Good Fences Wolf Conservation Center, NY
by Dana Sonnenschein
published in Kosmos Journal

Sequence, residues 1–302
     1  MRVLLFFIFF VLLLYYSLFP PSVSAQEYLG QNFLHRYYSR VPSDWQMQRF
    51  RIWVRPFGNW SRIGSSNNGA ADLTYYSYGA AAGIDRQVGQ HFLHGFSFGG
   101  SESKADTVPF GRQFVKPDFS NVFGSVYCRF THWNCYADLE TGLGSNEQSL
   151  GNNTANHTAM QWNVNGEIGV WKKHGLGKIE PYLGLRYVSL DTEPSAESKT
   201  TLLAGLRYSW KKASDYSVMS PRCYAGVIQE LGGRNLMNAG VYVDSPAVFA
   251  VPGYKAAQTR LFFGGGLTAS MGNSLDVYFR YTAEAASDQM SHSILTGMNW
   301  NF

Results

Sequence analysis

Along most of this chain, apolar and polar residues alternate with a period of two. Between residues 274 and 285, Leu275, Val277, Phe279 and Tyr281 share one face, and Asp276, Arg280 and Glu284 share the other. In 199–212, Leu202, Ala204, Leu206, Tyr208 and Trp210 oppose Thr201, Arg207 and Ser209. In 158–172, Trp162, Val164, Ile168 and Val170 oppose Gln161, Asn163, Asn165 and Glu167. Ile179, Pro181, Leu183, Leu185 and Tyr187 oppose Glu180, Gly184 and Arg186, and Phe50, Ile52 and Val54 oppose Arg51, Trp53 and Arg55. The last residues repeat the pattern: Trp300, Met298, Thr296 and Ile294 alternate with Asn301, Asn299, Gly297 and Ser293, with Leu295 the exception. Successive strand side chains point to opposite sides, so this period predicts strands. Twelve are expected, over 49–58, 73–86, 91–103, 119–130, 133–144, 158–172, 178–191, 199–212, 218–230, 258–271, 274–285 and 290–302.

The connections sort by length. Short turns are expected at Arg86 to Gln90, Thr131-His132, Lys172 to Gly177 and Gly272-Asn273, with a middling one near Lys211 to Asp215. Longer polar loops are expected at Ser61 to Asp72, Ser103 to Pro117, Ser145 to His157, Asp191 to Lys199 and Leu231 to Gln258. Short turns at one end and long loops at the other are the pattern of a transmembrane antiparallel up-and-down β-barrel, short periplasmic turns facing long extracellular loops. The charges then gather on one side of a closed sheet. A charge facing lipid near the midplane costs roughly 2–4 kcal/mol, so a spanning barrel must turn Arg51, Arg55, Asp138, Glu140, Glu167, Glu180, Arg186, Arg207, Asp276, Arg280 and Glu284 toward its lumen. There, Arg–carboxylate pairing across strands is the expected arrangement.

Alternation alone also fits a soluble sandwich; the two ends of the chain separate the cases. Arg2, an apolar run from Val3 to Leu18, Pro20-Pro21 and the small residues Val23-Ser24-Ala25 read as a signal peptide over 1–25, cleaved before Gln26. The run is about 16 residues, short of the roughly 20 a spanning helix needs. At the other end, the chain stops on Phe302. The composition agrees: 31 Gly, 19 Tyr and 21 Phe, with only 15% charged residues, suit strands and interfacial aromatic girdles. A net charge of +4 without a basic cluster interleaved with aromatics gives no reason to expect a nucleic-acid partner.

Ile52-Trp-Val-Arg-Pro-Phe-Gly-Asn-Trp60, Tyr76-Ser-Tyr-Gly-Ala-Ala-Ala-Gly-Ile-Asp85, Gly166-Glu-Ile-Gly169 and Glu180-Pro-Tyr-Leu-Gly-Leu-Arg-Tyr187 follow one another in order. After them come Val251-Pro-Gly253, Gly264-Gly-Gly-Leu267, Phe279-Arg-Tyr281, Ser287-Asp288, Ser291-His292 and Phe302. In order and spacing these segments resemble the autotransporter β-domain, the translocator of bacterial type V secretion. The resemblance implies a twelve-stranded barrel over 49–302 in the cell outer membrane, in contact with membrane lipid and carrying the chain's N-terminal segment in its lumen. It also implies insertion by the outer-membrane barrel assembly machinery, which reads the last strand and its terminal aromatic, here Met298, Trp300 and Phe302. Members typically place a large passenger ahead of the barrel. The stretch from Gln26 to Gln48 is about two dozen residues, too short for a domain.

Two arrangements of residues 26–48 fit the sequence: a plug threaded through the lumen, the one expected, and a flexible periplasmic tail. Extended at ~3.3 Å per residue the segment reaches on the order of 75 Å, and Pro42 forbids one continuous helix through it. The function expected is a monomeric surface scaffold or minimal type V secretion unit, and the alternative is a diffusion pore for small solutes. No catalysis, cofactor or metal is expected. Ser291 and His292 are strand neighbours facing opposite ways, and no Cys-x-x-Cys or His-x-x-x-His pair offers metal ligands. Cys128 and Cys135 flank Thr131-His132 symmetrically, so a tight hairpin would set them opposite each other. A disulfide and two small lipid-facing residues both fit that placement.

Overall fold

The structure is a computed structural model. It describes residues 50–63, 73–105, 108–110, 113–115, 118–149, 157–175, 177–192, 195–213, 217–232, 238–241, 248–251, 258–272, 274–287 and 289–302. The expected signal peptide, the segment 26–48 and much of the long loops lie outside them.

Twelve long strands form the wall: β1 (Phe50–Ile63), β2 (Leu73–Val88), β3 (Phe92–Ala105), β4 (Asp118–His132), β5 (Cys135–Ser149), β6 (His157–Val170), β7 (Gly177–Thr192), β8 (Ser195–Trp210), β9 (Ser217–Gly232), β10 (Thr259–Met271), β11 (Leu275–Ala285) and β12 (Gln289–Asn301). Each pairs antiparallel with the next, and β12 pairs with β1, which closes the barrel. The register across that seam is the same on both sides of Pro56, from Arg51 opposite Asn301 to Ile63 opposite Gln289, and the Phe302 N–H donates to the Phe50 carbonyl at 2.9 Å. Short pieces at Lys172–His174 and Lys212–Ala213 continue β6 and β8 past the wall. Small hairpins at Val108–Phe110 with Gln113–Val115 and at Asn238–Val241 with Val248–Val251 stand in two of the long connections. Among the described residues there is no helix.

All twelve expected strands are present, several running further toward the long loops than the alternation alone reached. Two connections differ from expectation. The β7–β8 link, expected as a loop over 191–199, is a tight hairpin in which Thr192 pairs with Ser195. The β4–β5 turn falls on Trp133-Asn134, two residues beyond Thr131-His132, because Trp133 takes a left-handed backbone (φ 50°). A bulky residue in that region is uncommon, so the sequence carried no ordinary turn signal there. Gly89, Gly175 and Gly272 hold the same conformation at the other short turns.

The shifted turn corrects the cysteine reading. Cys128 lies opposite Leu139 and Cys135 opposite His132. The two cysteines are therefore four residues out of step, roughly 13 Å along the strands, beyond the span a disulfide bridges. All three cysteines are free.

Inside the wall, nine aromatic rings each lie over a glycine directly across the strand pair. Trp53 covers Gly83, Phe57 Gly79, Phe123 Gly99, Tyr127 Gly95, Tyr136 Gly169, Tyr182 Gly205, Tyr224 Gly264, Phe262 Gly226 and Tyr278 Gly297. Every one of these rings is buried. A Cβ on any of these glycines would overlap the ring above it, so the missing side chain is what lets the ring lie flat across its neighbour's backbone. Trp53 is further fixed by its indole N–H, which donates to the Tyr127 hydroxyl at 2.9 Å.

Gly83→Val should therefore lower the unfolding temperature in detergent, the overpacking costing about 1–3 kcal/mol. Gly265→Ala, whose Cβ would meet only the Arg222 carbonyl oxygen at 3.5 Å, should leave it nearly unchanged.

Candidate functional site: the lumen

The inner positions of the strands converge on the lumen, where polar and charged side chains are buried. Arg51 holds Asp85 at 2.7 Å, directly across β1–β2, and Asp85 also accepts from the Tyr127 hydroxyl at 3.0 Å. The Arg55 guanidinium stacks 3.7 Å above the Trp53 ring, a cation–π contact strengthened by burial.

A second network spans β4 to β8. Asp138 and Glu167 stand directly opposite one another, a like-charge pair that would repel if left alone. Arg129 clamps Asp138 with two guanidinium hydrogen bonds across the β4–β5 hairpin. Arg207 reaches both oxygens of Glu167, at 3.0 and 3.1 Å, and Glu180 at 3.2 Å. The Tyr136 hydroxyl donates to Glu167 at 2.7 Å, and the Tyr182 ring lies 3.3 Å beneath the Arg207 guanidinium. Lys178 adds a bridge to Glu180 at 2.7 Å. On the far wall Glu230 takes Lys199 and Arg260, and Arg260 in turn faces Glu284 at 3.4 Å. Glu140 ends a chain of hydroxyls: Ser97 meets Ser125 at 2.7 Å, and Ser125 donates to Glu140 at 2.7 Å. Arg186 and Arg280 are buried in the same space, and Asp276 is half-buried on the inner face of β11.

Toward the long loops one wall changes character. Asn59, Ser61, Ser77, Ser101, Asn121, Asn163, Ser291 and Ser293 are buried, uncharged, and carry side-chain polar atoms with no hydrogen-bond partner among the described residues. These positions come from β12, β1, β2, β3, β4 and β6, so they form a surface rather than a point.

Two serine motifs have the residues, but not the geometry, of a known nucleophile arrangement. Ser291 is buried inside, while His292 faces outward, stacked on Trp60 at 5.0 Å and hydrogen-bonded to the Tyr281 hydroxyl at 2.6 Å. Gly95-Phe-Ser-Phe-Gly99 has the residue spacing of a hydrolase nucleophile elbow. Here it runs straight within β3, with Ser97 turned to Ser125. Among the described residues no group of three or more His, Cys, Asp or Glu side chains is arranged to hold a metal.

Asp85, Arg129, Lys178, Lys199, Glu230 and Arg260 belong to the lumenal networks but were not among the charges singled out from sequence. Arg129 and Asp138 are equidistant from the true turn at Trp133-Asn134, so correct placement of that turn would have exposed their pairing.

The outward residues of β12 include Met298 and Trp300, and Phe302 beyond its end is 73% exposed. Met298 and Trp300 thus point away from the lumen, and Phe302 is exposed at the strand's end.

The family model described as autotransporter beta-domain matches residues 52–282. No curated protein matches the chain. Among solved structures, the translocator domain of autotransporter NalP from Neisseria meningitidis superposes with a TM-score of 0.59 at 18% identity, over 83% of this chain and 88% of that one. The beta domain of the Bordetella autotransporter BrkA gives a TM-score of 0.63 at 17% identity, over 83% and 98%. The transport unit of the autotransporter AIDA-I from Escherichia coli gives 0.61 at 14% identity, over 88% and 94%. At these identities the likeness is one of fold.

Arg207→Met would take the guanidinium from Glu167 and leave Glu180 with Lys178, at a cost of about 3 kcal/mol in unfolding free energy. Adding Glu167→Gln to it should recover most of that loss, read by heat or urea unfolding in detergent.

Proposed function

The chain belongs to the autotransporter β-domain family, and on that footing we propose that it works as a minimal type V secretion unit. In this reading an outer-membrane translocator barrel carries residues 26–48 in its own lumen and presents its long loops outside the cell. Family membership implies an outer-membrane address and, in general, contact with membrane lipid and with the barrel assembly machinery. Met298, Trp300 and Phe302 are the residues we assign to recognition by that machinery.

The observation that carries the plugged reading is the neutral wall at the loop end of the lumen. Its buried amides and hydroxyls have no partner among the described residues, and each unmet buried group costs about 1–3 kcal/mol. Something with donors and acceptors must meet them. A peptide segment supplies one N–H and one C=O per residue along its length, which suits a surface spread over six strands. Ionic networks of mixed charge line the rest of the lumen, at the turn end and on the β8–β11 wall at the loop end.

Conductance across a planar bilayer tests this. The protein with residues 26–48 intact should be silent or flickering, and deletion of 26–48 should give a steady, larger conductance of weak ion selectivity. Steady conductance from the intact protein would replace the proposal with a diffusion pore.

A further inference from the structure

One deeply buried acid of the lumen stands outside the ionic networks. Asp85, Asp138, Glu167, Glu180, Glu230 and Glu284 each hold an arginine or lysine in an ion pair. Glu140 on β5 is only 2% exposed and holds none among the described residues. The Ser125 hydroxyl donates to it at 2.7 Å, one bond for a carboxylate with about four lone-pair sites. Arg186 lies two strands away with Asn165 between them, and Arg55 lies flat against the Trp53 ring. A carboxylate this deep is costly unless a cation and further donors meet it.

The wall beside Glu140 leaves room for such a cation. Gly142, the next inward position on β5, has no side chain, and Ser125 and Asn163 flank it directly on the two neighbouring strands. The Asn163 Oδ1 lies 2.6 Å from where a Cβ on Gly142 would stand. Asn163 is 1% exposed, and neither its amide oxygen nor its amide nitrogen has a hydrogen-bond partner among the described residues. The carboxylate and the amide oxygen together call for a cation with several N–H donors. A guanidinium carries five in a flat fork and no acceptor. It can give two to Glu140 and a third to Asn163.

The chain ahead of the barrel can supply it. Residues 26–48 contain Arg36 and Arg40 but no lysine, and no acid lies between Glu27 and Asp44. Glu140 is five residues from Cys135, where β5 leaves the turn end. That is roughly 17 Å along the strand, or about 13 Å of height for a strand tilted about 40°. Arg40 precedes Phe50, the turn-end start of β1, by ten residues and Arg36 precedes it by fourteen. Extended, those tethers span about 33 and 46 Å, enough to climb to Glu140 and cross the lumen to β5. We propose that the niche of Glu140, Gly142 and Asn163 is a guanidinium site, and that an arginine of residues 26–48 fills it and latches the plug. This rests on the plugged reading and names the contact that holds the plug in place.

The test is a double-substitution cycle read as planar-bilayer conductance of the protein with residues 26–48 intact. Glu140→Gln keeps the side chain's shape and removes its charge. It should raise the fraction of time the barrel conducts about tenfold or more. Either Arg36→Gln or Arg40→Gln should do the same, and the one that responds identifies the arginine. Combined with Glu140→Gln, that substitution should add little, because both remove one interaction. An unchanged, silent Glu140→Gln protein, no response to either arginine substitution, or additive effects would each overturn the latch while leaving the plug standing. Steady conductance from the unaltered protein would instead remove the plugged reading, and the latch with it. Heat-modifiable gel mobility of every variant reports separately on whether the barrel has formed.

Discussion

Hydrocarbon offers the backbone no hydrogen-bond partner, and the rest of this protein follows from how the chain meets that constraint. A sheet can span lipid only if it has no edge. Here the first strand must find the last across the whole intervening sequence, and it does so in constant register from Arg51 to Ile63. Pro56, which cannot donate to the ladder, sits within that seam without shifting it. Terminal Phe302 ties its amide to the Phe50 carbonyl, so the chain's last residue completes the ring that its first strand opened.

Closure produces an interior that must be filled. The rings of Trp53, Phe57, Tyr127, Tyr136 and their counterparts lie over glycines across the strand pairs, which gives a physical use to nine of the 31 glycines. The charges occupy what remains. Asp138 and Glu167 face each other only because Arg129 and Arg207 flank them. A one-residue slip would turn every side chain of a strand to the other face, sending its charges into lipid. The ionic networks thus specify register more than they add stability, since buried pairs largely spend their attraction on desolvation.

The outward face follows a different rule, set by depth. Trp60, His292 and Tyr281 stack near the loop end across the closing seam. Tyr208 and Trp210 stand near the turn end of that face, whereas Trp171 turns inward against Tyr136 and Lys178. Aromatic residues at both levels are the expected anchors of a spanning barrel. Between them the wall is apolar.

Something there is that doesn’t love a wall— I’ve seen the wolves here leap and climb chain-link and claw dirt down to buried steel and stone. But in this artificial wilderness with acres for each pack and roadkill deer shared out, no one fights for new turf or old. So those who might have died by bite and slash live long enough to watch neighbors raise pups beneath New England oak and hickory. The Rocky Mountain grays nap close beside the Arctic wolf’s enclosure, and red wolves from down south trot out when they hear his whine. He watches them tail-flirt and form a tie, and now and then flips sticks or leaves in the air when they lope past. The lobo who lost his mate play-bows then jumps and trots along the fence across from a red wolf, who does the same, ears perked. Lupine tai chi—no barks, no snarls, only the thump of paws and soft panting. Evolutionary. Like the way people changed enough to make this place, where wolves find peace and time to contemplate their kin and kind. Come any day to hear their call and response, one wolf setting off another, one pack another, one species another, one unbounded, communal howl echoing down rocky slopes to the road. Stand at the gate, look up and cup your hands around your mouth— Sing oh-ohoo. Let your note waver, rise, and fall. Sometimes they even answer you.